Please feel free to comment below with any other questions regarding this change to my blog.
Recently, when I was looking at my social media, I kept seeing a weird trending article on my feed. Earlier this month a woman in Germany was arrested and charged with murder. She concocted this weird plan. She had faked her own death by finding her doppelganger and killing her.
What is a doppelganger? The actual word means “double walker” in German. It is someone who is not related to you but has striking physical characteristics. Basically, there could be someone walking this planet that has a striking resemblance to you. However, they are not you. They could have the same kind of nose or hair color or height. You could confused that person and call them by your name that is how similar they could be. I always wondered who my doppelganger could be. How much they look like me and what do they do for a living.
However, after learning about this experience I lessen my curiosity in wondering…..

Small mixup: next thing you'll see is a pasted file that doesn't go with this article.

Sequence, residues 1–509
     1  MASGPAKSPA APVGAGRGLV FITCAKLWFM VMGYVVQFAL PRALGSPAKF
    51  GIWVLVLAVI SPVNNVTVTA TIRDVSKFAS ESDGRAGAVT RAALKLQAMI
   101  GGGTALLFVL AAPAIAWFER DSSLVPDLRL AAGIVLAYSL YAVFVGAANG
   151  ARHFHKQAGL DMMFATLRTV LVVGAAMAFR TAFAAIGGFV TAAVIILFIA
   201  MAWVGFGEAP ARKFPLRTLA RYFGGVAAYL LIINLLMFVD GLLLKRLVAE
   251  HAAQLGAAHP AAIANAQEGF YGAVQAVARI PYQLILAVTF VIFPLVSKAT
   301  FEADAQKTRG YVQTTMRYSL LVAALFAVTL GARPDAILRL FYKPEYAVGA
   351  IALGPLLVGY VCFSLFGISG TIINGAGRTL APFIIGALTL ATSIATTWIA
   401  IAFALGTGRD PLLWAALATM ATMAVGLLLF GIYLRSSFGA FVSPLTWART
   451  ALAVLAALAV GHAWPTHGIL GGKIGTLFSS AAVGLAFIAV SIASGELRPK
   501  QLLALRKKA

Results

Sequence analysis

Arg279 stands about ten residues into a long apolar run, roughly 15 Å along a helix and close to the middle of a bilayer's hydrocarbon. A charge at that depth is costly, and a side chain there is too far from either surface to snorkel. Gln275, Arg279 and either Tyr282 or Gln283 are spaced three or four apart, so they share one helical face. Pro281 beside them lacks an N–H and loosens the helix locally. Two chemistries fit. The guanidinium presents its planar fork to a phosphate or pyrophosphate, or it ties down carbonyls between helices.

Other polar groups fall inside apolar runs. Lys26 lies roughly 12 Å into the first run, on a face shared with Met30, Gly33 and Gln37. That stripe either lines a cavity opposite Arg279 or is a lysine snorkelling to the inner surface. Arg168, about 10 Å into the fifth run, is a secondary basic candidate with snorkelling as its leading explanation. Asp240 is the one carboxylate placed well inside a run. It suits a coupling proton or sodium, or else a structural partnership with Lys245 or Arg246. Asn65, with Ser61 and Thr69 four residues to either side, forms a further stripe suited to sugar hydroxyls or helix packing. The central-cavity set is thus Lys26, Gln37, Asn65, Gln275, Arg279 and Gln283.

Picture from Fox News (2023).
The woman who was arrested for murder named Sharaban K. is a 23-year-old living in Germany as a beautician. She made contact with her “doppelganger” through a social media outlet. Khadidja Q. who was a beauty blogger on Instagram was under the impression that Sharaban wanted to meet up with her in regards to receiving a cosmetics kit.
It was speculated (so far the details are not concrete since this is still an ongoing investigation) that Sharaban and her boyfriend went to go pick up Khadidja in the southern part of Germany. Somewhere between the car ride to their next destination, they stabbed Khadidja to death and then put her body in the back seat, They then drove to the city of Ingolstadt and abandoned the car with her in it. Sharaban parents were under the impression that she was meeting her ex-husband in Ingolstadt and when she did not turn up where she said she was going to be. They started searching for her in that city and found the abandoned car and what they thought to be Sharaban.
The parents had identified the body as Sharaben before the autopsy was performed however the autopsy confirmed that it was Khadidja.
Picture from The Cut (2023)
When the police got involved they found out that Sharaban had tried to contact various women who shared similar physical features through social media under fake names trying to get them to meet with her.